tips for pet owners
Nov. 13, 2012
is a holiday for feasts, family and friends. But put the family pet into the middle of that mix, and you may just be asking for trouble. The American Veterinary Medical Association (AVMA) offers the following tips to pet owners to keep this American holiday safe for four-legged guests:
● Your Thanksgiving feast is for people – not pets.
Table scraps may seem like a fun way to include your pet in the holiday, but many foods are poisonous to pets, including onions, garlic, raisins and grapes. AVMA's
offer a complete list of foods and household items that are dangerous or poisonous to pets. If you believe your pet has been poisoned, call your veterinarian or local veterinary emergency clinic immediately.
● Just because it's dead, doesn't mean it's not deadly.
A turkey carcass left in an open trash container or one that's easily opened could prove deadly if the family pet finds it. A pet that "discovers" the carcass can quickly eat so much that it causes a condition called pancreatitis, which is extremely dangerous and can cause death fairly quickly. If you suspect this has happened, contact your veterinarian immediately. Dispose of turkey carcasses in a covered, tightly secured container along with anything used to wrap or tie the meat and any bones left on plates. These are also hazards and can be very tempting for your pets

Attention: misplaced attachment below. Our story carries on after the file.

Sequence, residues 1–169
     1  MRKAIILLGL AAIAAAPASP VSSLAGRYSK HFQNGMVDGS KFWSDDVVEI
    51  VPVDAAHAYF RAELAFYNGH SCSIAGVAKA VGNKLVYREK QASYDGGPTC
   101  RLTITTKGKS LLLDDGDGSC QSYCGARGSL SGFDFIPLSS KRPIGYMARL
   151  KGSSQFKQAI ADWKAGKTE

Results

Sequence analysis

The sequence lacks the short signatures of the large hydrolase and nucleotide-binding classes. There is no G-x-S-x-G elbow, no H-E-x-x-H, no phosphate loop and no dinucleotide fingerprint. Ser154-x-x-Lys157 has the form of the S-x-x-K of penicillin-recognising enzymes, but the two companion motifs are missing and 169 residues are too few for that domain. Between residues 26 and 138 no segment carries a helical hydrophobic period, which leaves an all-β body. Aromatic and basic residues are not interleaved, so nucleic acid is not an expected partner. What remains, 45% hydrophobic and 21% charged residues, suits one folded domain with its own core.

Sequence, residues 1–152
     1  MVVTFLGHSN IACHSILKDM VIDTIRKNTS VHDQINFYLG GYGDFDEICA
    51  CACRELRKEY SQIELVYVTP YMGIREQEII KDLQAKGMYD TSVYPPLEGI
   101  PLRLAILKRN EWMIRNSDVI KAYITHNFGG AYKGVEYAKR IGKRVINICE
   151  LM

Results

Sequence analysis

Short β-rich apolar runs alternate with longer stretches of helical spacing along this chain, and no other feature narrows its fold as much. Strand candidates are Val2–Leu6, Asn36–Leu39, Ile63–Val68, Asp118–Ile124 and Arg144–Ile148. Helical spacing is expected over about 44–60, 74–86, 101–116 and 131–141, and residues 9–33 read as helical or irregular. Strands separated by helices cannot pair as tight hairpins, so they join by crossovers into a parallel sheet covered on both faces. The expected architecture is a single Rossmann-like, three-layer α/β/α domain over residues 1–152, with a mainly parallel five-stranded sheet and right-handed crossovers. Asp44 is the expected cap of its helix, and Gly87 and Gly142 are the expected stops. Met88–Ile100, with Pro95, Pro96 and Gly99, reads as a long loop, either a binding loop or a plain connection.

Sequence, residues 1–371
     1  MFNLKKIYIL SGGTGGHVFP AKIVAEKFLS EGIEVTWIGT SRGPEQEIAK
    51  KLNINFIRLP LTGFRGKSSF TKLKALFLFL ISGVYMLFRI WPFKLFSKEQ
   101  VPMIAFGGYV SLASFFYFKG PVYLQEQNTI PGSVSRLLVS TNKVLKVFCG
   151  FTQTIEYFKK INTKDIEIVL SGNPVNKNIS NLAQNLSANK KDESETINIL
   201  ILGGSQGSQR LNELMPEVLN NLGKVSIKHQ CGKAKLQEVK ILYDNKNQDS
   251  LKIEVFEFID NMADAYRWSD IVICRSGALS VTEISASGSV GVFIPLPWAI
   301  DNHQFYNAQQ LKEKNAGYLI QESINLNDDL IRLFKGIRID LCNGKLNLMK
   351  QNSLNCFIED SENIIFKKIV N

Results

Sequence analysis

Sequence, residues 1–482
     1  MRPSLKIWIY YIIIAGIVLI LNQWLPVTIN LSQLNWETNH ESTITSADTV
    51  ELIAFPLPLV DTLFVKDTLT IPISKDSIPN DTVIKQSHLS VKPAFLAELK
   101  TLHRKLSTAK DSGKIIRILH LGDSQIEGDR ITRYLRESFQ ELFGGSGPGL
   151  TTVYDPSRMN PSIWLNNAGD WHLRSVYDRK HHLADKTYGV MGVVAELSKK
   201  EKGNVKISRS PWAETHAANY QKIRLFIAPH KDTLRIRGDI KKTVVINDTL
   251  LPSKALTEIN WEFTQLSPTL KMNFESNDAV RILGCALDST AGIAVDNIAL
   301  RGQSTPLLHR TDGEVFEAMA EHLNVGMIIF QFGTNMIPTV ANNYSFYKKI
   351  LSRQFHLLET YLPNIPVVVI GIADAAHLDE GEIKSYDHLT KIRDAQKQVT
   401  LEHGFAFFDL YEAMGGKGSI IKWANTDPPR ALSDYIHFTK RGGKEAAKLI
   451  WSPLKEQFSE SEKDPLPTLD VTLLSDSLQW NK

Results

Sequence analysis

● Deserts and pets don't mix.
Most people understand that chocolate is poisonous to pets, and that the darker it is the more deadly it is, but an artificial sweetener called Xylitol has also been shown to be just as deadly to dogs. Xylitol is a common sweetener used in baked goods. So play it safe and don't share your dessert with Fido or Fluffy.
● Want to treat your pet on Thanksgiving?
Buy a treat that is made just for them. You can purchase something from your veterinarian or a local pet food store. Make sure the pet treat is not a part of any
and/or doesn't contain ingredients of questionable origin. Your pet will enjoy the treat just as much, and chances are you won't spend the holiday at the emergency clinic.
● For some pets, houseguests can be scary.
Some pets are shy or excitable around new people, and
often means new people will be visiting. If you know your dog or cat can be overwhelmed when people come over, put them in another room or a crate so they're out of the frenzy and feel safe. You might even want to consider boarding them to remove them completely from this upsetting situation. If your pet is particularly upset by houseguests, talk to your veterinarian about possible solutions to this common problem.
If they are comfortable around guests, make sure you watch them closely -- especially when your guests are entering or leaving your home. In the confusion, a four-legged family member may make a break for it out the door and become lost. If you'd rather be watching the football game as opposed to walking the neighborhood, keep an eye on possible escape routes.